China’s 17th Party Congress Update

October 17, 2007

China Center Senior Fellow Cheng Li provides an update on the 17th Congress of the Chinese Communist Party, including an assessment of Hu Jintao’s populist  approach and relations with Taiwan. (See also Cheng Li’s preview of the Congress.)


“Hu Jintao made a two and half hour speech at the Party Congress. He reaffirmed his populist approach, which is called Scientific Development with Harmonious Society and People Centered approach. We knew policy initiatives but now they have become the party’s platform. Basically, they wanted to reach out the general public to make a point that the party is still relevant to them, represents their interests. There’s some specific policy initiatives such as to give tax waivers for farmers, try to provide a social safety net because the previous social safety net was already gone And also try to provide basic health care, public health care. These are all important. He also talked about the pollution and the corruption these are also very much on people’s minds. Now let’s see whether his policies can be delivered, but it’s already become the party’s platform. To a certain extent, that’s a very important move. Moving away from Deng Xiaoping and Jiang Zemin‘s approach, which really represents the interests for the rich and the powerful, the so-called, ‘Three Represents.’ Basically for the coastal region, for those well-to-people, for the middle class but now they try to have a more balanced approach. Not only just in China’s coastal region but also in-land region, but also give more concern for those vulnerable social groups.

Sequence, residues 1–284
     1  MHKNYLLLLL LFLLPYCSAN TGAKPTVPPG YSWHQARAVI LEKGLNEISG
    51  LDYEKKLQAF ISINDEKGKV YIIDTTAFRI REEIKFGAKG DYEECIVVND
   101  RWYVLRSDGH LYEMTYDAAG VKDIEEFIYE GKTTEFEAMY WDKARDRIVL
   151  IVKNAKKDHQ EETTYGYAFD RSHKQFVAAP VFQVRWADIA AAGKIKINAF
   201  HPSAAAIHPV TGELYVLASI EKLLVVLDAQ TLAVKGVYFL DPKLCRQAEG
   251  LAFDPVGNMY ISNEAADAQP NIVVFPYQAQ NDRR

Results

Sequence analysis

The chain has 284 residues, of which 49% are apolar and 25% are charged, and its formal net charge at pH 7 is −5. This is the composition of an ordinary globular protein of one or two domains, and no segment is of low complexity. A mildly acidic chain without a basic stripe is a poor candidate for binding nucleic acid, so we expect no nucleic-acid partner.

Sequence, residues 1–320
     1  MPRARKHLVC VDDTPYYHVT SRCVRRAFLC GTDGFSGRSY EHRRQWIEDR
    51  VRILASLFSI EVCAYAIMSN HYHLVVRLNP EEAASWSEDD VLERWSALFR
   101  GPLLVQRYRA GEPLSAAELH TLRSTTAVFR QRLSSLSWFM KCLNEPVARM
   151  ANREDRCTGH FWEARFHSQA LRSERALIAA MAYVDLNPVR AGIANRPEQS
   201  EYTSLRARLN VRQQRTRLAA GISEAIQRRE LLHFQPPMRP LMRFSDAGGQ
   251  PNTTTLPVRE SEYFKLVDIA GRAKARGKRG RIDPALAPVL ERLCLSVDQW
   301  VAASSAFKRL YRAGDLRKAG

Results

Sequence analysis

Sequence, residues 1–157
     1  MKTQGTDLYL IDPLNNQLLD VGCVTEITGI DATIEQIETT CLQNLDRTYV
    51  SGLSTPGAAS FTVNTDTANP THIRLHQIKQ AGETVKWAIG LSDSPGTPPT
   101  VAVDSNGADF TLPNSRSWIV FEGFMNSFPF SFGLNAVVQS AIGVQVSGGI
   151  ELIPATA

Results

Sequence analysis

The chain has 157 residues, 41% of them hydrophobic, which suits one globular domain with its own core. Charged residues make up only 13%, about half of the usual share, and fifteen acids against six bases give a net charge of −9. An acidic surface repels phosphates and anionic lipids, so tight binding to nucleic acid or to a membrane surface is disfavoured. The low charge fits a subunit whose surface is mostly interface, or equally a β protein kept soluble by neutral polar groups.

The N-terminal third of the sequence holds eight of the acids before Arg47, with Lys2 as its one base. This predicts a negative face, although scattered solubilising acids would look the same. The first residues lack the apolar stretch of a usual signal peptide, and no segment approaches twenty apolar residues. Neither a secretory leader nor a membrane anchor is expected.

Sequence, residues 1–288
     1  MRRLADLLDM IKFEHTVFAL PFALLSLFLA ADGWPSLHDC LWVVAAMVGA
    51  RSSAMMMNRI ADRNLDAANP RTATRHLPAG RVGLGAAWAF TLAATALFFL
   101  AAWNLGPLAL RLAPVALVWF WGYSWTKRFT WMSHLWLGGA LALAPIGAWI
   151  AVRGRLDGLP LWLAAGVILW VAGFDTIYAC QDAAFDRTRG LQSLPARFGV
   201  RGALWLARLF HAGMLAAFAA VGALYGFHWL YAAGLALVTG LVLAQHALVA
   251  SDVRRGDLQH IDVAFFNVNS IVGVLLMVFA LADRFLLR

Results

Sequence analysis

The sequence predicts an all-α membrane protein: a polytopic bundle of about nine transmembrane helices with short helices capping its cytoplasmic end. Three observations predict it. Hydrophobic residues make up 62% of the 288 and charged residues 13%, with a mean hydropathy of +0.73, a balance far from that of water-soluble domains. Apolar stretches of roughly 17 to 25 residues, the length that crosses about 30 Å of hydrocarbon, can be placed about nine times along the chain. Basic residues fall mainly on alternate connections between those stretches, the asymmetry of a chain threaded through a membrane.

“Now his speech also made an interesting point about Taiwan. He said that China is willing to have a long term peace agreement. Of course the people in China talk about that but this is the first time from Hu Jintao, from the highest leadership. That may have implication for the future agreement about Taiwan issues. Let’s assume that Ma Ying-jeou will win the election in Taiwan next year. Even the DPP, the current ruling party, continues to be in power; this message is very important for them and they may find a way to deal with the tensions over the Taiwan strip.”